EU proposal to consider natural gas as green energy source will benefit country

The African Energy Chamber (AEC) on Monday praised the European Union’s intention to consider natural gas production as a green energy source, which benefits African producers, namely Mozambique.

“Africa’s call for a just and inclusive energy transition has been answered through the European Union’s landmark proposal to label natural gas as a ‘green’ energy source” reads a statement sent to Lusa, in which the AEC praises Europe for the initiative and says it hopes the United States will follow suit.

Read: EU drafts plan to label gas and nuclear investments as green

“Historically, Africa has always fought for sustainable development because we know, first-hand, the ravaging effects that even minute changes in climate can have on the continent and its populations. But to develop sustainably, Africa must first industrialize itself. It must have the same opportunities as Europe and other western countries,” the statement, signed by AEC president NJ Ayuk, adds.

Mozambique is poised to become one of the world’s largest producers of natural gas, following investments made by energy companies in recent years in the northern province of Cabo Delgado, even though terrorism in the region has slowed down planned investments.

“The idea of natural gas serving as a transitional source of energy has long been promoted by African nations and therefore CAE commends the European proposal as a historic development that warrants a positive evolutionary outlook for an inclusive energy transition”.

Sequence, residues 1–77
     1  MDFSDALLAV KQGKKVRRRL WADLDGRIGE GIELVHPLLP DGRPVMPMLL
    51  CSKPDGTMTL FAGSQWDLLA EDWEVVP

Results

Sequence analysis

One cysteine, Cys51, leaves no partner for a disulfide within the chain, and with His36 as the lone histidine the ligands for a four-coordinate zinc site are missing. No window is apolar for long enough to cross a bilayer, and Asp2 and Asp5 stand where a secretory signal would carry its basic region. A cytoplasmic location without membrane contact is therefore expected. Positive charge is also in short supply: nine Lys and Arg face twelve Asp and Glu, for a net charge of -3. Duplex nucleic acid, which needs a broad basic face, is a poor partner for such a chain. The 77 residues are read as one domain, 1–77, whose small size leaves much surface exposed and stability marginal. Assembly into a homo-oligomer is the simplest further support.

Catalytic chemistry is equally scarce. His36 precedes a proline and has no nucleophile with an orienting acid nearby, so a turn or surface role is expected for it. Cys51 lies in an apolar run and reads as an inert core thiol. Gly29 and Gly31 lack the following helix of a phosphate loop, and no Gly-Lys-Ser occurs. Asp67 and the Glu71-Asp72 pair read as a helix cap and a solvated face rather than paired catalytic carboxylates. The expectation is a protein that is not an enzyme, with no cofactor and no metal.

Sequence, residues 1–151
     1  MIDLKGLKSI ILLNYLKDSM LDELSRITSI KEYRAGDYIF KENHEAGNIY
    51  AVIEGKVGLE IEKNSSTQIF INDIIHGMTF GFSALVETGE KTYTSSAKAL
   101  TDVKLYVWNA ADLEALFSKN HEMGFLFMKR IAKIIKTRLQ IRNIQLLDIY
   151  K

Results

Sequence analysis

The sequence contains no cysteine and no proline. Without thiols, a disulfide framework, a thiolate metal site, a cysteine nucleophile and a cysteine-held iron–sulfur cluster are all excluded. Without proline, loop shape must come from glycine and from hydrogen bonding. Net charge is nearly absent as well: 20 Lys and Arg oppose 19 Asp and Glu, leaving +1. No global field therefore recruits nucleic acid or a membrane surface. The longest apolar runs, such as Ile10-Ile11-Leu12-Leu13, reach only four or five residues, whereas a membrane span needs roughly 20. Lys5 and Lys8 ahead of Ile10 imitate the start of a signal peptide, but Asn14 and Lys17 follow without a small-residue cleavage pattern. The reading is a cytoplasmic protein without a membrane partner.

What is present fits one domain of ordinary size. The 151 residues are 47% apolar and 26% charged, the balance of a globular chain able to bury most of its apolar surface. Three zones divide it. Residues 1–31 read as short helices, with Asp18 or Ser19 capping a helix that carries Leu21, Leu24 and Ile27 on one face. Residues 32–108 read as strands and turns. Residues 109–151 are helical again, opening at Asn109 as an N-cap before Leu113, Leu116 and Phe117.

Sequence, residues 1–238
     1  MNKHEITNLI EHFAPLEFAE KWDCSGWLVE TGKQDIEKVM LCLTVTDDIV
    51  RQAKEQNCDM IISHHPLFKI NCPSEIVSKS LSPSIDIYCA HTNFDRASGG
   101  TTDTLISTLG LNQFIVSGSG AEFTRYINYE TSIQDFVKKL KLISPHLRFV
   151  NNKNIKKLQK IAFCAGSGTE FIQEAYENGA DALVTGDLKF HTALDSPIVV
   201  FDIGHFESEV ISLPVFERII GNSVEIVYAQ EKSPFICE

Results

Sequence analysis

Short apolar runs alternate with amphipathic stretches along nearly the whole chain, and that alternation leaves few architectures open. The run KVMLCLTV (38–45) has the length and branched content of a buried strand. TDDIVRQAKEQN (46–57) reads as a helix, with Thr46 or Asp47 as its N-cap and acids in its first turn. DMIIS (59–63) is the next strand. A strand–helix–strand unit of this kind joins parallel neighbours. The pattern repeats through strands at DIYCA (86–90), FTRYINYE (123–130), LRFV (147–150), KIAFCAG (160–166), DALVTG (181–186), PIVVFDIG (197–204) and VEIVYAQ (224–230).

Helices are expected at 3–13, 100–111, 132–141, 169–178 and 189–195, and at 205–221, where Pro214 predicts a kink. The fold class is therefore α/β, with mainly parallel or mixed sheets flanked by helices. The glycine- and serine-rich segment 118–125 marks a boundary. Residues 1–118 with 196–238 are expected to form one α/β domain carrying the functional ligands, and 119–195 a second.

“We have had our disagreements with our European friends, however, there has always been constructive, behind-the-scenes dialogue with European policy makers” NJ Ayuk noted, adding that these discussions ” have been critical in getting us to see eye-to-eye on gas”.

For the head of AEC, “The demonization of Africa’s gas industry needs to stop, and investments need to come into the sector”.

International energy companies, he argued, must focus their investment on further reducing carbon emissions within the gas value chain. as the preferred one to ensure Africa’s industrialisation and, at the same time, environmental awareness.

“Africa faces unique challenges and must be allowed to time its own energy transition according to its own needs. ” he concluded.

The European Commission presented to the 27 member states of the EU bloc at the end of last year a draft green (sustainable) labelling of nuclear and gas power plants to facilitate the financing of facilities that contribute in the fight against climate change.

The document establishes the criteria to classify investments in nuclear or gas power plants for electricity production as “sustainable”, with the aim of directing “green finance” towards activities that contribute to the reduction of greenhouse gases.



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